THE HAGUE, Netherlands – 29 September 2017 – Medical professionals from around the world successfully acquired new skills during a training on medical management of chemical casualties held in the Fourth Military Medical University in Xi’an, China from 18-22 September 2017.
The training course was designed to equip medical professionals with skills in advanced hospital care for victims of chemical weapons and incidents involving toxic chemicals and was organised by the Technical Secretariat of the Organisation for the Prohibition of Chemical Weapons (OPCW) and the Government of China.
OPCW’s Head of Assistance and Protection Branch, Mr Shawn DeCaluwe, underlined the important role the participants could have to play in the event of a chemical incident stating that, ’’It is my heartfelt hope that if faced with unfortunate circumstances requiring treatment of chemical victims, the skills and knowledge imparted to you will be useful and serve to alleviate their suffering.”
The course was a combination of theoretical and practical training that took place in a hospital, simulation centre, and laboratory. The participants learned about types and health effects of chemical warfare agents and other toxic chemicals and medical countermeasures including triage, hospital care for chemical casualties, mass casualty incidents, and the correct use of individual protection equipment. The training was concluded with a table top exercise on emergency medical response to a chemical incident.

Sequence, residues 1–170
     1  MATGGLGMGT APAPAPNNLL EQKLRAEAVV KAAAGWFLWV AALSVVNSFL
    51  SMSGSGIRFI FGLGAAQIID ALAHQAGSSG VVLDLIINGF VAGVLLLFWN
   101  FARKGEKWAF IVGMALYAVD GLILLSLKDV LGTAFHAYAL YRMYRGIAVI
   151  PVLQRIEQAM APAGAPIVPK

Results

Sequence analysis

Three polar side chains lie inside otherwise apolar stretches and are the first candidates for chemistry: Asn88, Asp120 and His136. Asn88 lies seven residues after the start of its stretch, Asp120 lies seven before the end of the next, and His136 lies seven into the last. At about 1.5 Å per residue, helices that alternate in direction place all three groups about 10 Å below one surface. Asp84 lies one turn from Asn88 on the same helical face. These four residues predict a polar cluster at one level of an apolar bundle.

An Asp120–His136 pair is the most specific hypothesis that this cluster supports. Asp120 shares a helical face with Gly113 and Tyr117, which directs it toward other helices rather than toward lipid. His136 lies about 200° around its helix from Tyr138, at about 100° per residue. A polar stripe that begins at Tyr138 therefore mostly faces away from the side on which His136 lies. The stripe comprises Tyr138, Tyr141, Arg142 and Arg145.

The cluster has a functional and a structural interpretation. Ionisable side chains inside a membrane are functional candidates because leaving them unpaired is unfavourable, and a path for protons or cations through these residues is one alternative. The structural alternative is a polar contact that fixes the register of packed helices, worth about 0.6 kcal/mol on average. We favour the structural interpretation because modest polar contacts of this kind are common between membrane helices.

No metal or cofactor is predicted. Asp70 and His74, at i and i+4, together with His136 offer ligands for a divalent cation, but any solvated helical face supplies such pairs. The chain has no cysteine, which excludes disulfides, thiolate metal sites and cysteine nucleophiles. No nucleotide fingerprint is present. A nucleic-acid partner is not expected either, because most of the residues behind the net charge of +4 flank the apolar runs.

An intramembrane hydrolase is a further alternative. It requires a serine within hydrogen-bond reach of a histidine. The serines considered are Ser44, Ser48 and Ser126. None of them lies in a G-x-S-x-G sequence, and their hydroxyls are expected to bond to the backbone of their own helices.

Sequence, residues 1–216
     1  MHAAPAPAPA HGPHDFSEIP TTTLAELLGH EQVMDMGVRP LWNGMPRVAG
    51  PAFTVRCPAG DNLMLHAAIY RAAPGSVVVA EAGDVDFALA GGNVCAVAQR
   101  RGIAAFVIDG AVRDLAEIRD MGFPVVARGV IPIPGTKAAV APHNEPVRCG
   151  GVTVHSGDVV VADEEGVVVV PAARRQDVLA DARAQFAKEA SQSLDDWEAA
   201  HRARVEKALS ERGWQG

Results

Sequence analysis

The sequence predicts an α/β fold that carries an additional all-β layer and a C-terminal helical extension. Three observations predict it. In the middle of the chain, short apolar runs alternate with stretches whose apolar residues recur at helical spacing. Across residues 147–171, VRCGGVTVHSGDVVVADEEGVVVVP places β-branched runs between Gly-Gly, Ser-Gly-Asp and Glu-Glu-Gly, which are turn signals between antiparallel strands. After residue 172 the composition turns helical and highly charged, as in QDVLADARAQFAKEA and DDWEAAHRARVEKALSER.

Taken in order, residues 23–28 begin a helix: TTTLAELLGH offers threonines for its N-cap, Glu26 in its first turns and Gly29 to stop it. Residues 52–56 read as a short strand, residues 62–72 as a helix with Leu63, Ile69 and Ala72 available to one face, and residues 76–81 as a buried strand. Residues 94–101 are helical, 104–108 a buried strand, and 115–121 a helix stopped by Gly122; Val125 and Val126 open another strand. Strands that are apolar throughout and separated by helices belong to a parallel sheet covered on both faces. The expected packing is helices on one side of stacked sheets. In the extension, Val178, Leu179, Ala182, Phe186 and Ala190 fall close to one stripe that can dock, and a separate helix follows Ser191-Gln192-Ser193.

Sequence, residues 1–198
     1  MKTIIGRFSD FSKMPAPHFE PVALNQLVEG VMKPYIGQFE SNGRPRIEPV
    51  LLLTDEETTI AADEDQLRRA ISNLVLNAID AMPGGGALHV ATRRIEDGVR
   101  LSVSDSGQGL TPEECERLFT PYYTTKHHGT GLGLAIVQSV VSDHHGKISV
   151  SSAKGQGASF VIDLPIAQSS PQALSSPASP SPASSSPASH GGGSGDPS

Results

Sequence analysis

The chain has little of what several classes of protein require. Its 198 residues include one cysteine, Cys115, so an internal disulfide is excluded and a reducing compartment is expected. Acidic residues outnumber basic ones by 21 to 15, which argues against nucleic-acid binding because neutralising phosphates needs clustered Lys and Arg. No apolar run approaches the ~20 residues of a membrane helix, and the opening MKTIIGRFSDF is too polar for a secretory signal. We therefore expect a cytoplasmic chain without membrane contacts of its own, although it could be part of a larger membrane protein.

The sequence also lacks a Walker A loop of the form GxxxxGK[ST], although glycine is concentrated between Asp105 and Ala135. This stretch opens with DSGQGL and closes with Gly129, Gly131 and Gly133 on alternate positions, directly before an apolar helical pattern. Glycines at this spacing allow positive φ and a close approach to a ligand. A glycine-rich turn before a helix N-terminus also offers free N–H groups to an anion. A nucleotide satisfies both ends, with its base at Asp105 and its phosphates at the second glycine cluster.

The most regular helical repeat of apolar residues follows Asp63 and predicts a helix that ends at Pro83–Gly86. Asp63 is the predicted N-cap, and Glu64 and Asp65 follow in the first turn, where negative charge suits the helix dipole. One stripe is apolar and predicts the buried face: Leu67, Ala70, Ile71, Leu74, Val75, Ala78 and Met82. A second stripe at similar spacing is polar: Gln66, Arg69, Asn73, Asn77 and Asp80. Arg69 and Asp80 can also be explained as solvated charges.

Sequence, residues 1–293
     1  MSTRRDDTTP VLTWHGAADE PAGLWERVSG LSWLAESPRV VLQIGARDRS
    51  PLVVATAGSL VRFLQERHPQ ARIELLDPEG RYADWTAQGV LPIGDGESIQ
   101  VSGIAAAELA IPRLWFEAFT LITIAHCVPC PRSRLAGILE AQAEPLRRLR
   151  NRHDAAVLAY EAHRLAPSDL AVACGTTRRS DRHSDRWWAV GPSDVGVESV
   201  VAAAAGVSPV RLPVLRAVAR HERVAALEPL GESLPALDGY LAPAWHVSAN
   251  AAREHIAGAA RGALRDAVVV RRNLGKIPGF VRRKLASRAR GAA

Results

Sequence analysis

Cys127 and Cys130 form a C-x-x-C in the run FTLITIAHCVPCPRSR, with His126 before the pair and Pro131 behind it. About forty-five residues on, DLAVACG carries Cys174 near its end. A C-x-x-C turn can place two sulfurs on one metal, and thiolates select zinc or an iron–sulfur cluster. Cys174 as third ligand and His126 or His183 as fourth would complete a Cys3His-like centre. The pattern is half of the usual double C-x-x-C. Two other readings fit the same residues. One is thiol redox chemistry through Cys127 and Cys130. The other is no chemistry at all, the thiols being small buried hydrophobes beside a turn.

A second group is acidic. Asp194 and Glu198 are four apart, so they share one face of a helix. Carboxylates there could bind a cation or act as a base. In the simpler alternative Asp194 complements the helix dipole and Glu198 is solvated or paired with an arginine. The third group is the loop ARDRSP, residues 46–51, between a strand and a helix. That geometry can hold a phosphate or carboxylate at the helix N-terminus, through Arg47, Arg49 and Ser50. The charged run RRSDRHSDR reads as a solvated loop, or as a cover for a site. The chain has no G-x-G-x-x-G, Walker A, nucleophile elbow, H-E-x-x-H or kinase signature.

The course was attended by 26 participants from 16 OPCW Member States: Bangladesh, Benin, Brazil, China, India, Iran, Kenya, Lebanon, Moldova, Pakistan, Panama, Philippines, Sudan, Uganda, Syria, and Sri Lanka.
As the implementing body for the Chemical Weapons Convention, the OPCW oversees the global endeavour to permanently eliminate chemical weapons. Since the Convention’s entry into force in 1997 – with its 192 States Parties – it is the most successful disarmament treaty eliminating an entire class of weapons of mass destruction.
Ninety-six per cent of all chemical weapon stockpiles declared by possessor States have been destroyed under OPCW verification. For its extensive efforts in eliminating chemical weapons, the OPCW received the 2013 Nobel Prize for Peace.